The Challenger Deep is the deepest place in the world's oceans. It is a slot at the southern end of the Marianas Trench. The ocean floor is about seven miles beneath the surface of the Pacific Ocean in the slot. Geologists list the official depth at this time as 39,994 feet.
Jacques Piccard and Lieutenant Don Walsh
aboard the Trieste, NOAA
The slot was discovered during an expedition of the British Navy aboard the HMS Challenger. They were surveying areas in the Pacific Ocean from 1872 to 1876 when they found the slot.
How it was named
The name Challenger was in honor of the boat they were on. The term deep was used to describe places that were deep in the ocean. The Marianas Trench is located near the Mariana Islands and is 190 miles from Guam.
First descent to the deepest point on Earth, NOAA
The first descent
The first manned descent to the oceans deepest point occurred in 1960. On January 23, 1960 a US Navy submersible Trieste manned by Jacques Piccard and Lieutenant Don Walsh descended to the bottom of the trench. The floor of the ocean where they descended to was 35,838 feet deep.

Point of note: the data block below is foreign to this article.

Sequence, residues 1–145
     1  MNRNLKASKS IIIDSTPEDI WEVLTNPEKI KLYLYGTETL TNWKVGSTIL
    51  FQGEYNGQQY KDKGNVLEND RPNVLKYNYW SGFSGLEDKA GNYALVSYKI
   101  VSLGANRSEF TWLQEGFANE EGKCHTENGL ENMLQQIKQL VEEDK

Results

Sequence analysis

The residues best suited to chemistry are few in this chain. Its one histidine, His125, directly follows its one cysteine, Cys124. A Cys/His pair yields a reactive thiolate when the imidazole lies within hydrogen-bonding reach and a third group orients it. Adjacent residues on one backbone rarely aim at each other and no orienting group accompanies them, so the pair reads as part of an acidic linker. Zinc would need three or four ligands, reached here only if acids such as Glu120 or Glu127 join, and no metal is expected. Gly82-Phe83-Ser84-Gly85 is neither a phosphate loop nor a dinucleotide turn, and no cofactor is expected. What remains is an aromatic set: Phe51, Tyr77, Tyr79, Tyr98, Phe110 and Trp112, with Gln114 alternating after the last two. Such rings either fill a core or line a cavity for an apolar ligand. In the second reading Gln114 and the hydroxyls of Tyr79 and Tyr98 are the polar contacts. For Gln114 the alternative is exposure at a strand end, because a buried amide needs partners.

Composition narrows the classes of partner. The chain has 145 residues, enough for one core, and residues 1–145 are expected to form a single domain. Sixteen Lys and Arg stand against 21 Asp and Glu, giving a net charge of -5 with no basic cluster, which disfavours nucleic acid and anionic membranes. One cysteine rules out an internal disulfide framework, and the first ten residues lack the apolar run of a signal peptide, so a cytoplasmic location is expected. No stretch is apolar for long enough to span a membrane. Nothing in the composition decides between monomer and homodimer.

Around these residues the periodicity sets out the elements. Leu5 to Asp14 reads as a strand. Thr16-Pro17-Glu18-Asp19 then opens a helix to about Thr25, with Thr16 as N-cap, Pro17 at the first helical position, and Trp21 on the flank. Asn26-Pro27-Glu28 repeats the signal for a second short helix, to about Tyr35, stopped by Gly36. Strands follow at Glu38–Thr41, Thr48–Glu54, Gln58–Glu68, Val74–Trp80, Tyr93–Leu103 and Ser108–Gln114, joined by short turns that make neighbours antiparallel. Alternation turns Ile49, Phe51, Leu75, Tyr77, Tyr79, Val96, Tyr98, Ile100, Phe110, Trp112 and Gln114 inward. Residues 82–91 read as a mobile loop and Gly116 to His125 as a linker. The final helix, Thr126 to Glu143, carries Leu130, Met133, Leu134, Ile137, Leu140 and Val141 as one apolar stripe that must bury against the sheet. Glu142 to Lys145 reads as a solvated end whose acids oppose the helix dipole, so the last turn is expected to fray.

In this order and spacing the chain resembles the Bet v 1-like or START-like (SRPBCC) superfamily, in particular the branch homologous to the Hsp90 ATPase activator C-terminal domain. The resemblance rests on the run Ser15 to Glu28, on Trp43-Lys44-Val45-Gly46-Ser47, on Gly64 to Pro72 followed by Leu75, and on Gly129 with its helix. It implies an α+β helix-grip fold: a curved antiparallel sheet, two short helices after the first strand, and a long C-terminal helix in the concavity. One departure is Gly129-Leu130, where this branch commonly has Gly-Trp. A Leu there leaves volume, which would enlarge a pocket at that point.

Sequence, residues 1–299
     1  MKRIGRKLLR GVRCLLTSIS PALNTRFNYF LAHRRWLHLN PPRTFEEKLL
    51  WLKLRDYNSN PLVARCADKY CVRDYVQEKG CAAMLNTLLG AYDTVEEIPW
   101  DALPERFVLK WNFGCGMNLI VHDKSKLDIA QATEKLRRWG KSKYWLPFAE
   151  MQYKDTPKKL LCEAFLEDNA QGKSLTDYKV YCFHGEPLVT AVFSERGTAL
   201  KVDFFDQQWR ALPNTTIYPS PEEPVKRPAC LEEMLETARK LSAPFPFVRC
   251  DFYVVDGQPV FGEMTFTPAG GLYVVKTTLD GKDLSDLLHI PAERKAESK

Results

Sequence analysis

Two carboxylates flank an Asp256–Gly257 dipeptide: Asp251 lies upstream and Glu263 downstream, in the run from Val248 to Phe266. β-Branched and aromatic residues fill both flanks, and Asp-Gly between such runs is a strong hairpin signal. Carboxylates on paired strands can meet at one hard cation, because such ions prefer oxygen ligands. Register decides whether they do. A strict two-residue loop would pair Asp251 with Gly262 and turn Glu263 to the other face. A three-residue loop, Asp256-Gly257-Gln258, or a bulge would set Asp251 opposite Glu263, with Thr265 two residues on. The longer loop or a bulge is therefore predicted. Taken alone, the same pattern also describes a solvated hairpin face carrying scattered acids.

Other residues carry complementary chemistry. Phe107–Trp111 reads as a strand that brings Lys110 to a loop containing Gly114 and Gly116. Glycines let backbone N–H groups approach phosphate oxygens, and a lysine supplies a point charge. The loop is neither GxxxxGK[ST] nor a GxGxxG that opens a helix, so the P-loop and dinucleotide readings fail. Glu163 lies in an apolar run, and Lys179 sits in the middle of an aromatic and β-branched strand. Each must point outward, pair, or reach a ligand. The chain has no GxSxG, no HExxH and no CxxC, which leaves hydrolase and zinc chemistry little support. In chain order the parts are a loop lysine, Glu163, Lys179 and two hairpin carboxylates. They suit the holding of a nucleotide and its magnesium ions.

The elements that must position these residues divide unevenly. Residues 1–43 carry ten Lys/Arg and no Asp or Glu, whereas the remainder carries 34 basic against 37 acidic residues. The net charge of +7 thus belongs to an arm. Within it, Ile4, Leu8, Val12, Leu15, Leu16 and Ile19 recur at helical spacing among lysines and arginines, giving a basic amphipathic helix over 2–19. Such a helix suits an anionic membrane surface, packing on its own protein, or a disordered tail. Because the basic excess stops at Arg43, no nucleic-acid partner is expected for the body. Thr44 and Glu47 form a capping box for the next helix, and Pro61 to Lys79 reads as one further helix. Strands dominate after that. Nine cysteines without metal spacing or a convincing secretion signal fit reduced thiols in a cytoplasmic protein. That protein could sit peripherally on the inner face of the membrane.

Other unmanned descents
The men stayed on the bottom only 20 minutes because of a crack in the glass of the bathyscaphe. Since then two unmanned deep-sea probes have been sent to study the area.
Challenger Deep prize
Today there is a prize being offered by the X Prize Foundation for any privately funded manned craft that travels to the bottom of the down to the bottom twice. The owners of the craft will receive a $10 million prize.
James Cameron's solo dive
James Cameron in a solo dive went to the floor of the Challenger Deep. He recorded his trip in 3-D. It was on March 27, 2012. It took 7 years of preparation for his dive. The National Geographic Society helped James Cameron finance his dive. Because of the murky water he was not able to take a major set of pictures while he was on the floor of the Challenger Deep. He plans to return in the future with another mini-sub.
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